May is a good time to enjoy mayhaw jelly, Louisiana’s state jelly. The mayhaw, Crataegus opaca, is a native fruit of Louisiana. It begins ripening in late April and finishes about the first week in June. Fruit color is usually bright red, although it can deviate toward pink or yellow.
Gathering wild mayhaws has been an age-old tradition for many Louisiana families, according to LSU AgCenter horticulturist Dr. John Pyzner. Traditionally, mayhaws were harvested in backwoods sloughs, swamps and river bottoms. Boats were sometimes used in harvesting wild mayhaws. Limbs were shaken over the boats and nets were used to scoop fruit out of the water.
"People selling mayhaw fruit along the highway used to be a common sight in many areas of the state," Pyzner said. Accessibility to collecting sites has dwindled over the years, and many woodlands have been cleared. It is said that Mayhaw Slough, a former popular harvesting area in northeast Louisiana, has only one mayhaw tree remaining.
Mayhaws are now making the transition to an orchard crop. Orchard production has increased from none 20 years ago to more than 80,000 pounds today. Orchard production has removed some of the fluctuation in availability of fruit. It has also improved the quality of available fruit.
Earlier orchard trees were usually seedlings or grafted varieties from native selections with marginal production characteristics. New mayhaw varieties have been developed that have improved fruit quality and yields, are later blooming and are shatter resistant because of growers’ breeding programs.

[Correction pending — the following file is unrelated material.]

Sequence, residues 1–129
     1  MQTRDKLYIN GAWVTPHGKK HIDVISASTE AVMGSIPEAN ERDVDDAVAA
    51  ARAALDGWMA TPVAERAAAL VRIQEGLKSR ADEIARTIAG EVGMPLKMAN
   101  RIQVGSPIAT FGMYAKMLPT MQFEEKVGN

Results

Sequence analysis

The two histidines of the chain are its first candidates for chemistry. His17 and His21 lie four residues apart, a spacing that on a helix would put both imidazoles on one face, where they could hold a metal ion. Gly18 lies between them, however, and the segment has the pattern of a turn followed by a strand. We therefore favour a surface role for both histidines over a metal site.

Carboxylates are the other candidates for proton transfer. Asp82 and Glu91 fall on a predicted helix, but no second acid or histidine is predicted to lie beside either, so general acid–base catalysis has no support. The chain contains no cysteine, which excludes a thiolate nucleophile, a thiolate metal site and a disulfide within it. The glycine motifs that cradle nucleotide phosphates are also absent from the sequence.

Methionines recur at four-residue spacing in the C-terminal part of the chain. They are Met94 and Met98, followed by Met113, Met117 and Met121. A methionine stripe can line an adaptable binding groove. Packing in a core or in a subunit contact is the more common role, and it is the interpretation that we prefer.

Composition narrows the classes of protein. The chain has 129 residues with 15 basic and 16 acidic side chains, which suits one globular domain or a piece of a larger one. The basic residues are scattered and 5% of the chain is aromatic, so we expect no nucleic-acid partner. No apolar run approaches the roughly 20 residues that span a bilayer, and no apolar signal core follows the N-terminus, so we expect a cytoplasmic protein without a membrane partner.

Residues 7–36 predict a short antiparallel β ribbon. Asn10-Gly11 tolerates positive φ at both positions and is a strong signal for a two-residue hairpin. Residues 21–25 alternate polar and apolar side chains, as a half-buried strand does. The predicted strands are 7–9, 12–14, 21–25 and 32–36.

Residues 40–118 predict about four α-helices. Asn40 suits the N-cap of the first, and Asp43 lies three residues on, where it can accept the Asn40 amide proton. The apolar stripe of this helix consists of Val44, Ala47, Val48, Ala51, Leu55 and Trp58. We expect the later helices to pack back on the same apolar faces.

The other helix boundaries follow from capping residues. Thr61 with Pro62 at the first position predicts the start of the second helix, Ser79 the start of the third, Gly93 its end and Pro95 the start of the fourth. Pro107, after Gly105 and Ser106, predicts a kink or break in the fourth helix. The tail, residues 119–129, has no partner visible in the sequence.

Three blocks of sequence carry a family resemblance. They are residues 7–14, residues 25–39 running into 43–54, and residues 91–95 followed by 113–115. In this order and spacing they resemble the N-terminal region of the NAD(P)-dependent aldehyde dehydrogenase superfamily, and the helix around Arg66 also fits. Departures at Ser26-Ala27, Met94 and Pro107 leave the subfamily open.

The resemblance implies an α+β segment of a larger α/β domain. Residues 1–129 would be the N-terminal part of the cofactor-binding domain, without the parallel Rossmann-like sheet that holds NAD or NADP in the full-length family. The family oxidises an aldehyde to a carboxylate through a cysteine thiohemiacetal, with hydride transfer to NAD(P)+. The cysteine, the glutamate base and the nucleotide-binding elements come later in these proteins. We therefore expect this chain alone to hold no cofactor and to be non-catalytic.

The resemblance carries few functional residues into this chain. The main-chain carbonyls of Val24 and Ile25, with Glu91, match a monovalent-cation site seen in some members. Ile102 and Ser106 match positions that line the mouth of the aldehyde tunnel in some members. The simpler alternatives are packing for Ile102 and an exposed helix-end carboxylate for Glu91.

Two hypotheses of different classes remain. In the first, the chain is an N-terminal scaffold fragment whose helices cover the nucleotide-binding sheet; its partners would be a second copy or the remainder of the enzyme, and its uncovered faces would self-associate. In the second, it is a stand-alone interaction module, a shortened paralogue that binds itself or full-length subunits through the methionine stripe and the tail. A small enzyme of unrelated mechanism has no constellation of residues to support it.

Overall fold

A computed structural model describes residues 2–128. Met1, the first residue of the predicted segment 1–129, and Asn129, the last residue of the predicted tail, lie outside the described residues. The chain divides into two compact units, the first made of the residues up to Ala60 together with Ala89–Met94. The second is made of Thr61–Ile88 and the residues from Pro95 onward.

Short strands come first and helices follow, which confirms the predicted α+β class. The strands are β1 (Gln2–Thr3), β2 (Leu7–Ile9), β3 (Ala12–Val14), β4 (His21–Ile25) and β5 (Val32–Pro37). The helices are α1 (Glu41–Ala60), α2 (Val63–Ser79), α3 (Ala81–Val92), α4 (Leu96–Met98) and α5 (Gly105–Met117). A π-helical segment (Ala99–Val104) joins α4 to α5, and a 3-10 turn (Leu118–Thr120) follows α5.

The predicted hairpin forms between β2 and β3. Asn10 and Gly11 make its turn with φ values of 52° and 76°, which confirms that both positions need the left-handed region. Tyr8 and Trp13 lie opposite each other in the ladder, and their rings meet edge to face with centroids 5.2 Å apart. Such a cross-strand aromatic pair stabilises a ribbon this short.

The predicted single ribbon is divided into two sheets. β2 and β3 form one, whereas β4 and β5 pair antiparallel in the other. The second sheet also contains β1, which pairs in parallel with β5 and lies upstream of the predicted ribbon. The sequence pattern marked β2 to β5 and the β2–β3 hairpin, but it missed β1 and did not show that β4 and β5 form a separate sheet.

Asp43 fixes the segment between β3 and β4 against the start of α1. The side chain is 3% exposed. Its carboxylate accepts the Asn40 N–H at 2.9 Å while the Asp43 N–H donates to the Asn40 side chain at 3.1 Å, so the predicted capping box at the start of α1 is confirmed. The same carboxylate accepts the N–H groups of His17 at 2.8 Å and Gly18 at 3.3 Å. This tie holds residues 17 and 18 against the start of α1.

The tradition and interest in mayhaws can be seen in five mayhaw festivals that are held across the southeastern United States during harvest season. Festivals are held in Starks, La.; Colquitt, Ga.; Daisetta, Texas; El Dorado, Ark. and Marion, La.
While jelly remains the main use for mayhaws, other possible uses for processed mayhaws include flavoring, jam, sauces, pie filling, coffee cakes, ice cream and wine.
Mayhaw fruit and juice are available from growers and some native harvesters. Mayhaw jelly, however, now can be found in many Louisiana grocery stores as well as roadside stands and craft shows.
On the Internet: LSU AgCenter: http://www.lsuagcenter.com/
Source: John Pyzner (318) 644-5865, or Jpyzner@agcenter.lsu.edu
The LSU AgCenter and the LSU College of Agriculture